Mission of Burma’s ability as a trio rises to the fullest through the material from Vs., and every show from the band features choice selections from the LP that’s by now stone-set as their finest achievement. This night was no exception; “Secrets” particularly burned with an inspiration that exceeded the source recording, with Prescott extremely impressive in the drum seat, a perfect balance of pummel and dexterity, and Conley’s bass expertly blending momentum and melody. Again, the heaviness is undeniable. Bushels of noise rock bands would kill to have (and have indeed borrowed) a bedrock as massive as Prescott and Conley. And Miller’s guitar is by turns psychedelic, pop-savvy, punk-edgy, and at his wildest moments a beautiful barrage of controlled racket.

Over the course of the evening they never set a foot wrong, tackling material both old and new (“2wice” from The Obliterati was given a terrific reading), but like the well-oiled machine that they are, their best moments came late. “This is Not a Photograph” brought another wave of intense reaction from the crowd, a select few even attempting to start a mosh-pit, for Sab Grey’s sake. “Photograph” is a slick fit for the live beast that is the current Burma, as is the set closing shout-along tour de force of “That’s How I Escaped My Certain Fate,” a song that seems to have replaced “Academy Fight Song” and “That’s When I Reach For My Revolver,” as the group’s live staple.

Naturally, there was an encore, though that doesn’t mean they had already decided on what to play beforehand. After about a minute’s deliberation, they ripped into a four song stanza, and while it was marvelous to hear fabulous renditions of “Red” and final song “The Ballad of Johnny Burma,” the highlight was an impassioned blitz through The Dils’ colossal hunk of punk brilliance “Class War.”

While they make a habit of tossing an inspired cover into their encores, witnessing “Class War” live was a definite thrill for this writer. They’ve recorded the song on their “Four Hands” EP and it was also part of the 2002 shows that kicked off the whole Burma recommencement, but so much has happened since that I’d frankly given up hope of hearing them rip into the Kinman brothers’ classic. As such, it was not only an epic surprise, but it also helped to bring the Mission of Burma reunion experience full circle.

Does this mean my fifth time seeing them will be my last? I don’t know, but it’s doubtful, for I’ve entertained the notion on numerous occasions past that I’d reached a point of personal fulfillment with this most unique and expectations defying outfit. But each new album reignites my interest in seeing them play live once again, and each show reinforces my belief that Mission of Burma is one of the finest bands of any era. And 9/8 at the Black Cat was no exception.

I had the opportunity to ask Roger Miller a few questions before the show.

You mentioned on your website that Unsound is your “favorite Burma record since the reformation, by a long shot.” Could you elaborate a bit as to why?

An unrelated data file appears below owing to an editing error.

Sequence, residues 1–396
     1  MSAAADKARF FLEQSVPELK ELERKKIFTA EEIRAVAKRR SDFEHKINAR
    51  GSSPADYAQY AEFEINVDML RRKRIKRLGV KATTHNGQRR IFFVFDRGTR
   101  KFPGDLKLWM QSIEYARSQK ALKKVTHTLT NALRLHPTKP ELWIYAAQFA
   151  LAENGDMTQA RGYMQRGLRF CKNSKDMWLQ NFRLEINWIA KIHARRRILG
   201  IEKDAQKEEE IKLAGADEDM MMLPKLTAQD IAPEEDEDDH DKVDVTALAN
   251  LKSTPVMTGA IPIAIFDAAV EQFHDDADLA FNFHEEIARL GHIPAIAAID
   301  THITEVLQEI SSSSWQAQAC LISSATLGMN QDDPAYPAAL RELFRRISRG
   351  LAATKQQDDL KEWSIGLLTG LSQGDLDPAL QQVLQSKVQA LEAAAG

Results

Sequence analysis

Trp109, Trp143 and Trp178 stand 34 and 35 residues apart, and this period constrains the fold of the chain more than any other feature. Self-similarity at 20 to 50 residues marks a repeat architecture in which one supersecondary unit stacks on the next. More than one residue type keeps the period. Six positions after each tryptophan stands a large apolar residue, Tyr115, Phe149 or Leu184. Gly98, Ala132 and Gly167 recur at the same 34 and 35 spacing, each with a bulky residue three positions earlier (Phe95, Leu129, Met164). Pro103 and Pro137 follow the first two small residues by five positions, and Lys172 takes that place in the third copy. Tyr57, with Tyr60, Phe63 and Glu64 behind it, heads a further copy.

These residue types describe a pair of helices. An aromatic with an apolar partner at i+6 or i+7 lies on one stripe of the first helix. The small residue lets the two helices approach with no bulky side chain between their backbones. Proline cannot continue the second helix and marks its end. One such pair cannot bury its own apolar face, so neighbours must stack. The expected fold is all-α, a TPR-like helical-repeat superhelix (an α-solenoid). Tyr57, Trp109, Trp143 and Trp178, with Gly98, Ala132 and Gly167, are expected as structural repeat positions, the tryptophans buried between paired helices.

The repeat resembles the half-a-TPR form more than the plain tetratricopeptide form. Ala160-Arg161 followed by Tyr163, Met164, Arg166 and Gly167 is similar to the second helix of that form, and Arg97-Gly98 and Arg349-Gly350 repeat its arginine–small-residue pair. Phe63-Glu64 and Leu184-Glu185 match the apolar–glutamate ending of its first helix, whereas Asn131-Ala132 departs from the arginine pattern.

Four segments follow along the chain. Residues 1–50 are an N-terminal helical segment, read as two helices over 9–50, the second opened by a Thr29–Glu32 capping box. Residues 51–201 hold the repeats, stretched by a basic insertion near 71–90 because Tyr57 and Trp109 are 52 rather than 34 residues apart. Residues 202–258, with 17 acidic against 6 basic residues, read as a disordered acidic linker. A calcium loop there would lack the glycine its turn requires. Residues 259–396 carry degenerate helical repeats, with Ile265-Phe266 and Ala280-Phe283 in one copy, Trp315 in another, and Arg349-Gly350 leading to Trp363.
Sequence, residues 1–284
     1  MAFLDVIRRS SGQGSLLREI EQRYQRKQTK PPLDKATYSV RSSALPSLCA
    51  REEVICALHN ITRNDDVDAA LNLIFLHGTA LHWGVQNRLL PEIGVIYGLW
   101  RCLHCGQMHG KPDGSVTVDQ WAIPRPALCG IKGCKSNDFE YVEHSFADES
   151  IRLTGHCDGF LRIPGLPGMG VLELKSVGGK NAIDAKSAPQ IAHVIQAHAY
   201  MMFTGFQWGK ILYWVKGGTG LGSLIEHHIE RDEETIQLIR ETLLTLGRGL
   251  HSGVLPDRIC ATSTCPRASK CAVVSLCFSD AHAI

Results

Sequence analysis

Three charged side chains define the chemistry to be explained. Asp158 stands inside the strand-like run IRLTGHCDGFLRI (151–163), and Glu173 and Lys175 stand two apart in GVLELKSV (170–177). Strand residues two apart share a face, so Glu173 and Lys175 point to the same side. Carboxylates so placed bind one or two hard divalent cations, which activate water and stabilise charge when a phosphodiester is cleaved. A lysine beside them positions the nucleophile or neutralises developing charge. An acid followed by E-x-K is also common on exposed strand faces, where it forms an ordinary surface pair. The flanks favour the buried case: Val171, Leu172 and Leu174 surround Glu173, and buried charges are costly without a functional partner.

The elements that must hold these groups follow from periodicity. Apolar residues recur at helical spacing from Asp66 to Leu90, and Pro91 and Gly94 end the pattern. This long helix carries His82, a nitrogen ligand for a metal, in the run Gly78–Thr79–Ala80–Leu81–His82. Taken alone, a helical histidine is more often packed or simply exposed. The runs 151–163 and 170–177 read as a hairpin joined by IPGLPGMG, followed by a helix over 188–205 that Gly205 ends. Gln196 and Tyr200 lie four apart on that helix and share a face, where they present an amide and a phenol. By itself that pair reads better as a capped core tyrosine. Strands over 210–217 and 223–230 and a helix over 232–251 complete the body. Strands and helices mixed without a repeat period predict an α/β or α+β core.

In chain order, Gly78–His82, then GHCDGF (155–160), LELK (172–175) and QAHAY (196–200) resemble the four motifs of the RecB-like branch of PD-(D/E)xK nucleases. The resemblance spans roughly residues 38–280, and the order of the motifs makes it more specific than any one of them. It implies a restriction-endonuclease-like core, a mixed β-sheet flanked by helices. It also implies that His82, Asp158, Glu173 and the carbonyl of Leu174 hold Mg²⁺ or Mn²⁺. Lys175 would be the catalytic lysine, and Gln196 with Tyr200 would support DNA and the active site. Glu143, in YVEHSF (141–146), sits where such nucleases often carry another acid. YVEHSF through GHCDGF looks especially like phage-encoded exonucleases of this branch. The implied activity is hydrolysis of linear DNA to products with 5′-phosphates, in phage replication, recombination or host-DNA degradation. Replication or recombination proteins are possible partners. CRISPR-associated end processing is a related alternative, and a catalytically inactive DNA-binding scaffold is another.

I find that from our new records it has the most ideas per moment, and I’m a big idea person. It’s like when Vs. came out it really confused people, and now it’s been ensconced, and this is all in quotes, it’s been “ensconced in the indie-rock pantheon,” but when it came out we were criticized…one review said that on side one we were shopping for styles. Shopping for styles? That just means we have diverse ideas! We’re not out looking for a fucking style, and it pissed me off because if you listen to the early Beatles records, you’d have a country song with Ringo (laughs) and why weren’t The Beatles shopping for styles, why weren’t they bad? So it pissed me off.

But the thing that excites me about Unsound was that from “Dustdevil” to “Semi-Pseudo-Sort-Of Plan” to “Sectionals in Mourning,” those are three radically different songs. “Sectionals” is kind of drawn out and spacey, “Dustdevil” is hyper-compressed and “Semi-Pseudo” is a sleeker sort of rock/pop tune, and so it continues like that through the whole record, from the complete madness of “ADD in Unison” to the power-pop of “7’s” to like the psychedelic “Opener” at the end, which is like a parody of the whole record, but uptempo…cheerful.

Something that many have noticed about the Mission of Burma reunion is how it lacks the “we’re doing it for the money” vibe. And it’s been going on now for longer than the band was initially together. It really connects as something all of you want to be doing, helping to keep it fresh, along with the fact that all the members are busy with non-Burma related activities and jobs. In your case, The Alloy Orchestra takes up a large chunk of your time, doing live scores to silent films. Could you describe the working method of Alloy (who will be in touring this fall, including a three night stand in Silver Spring, MD at the AFI theatre) a little bit?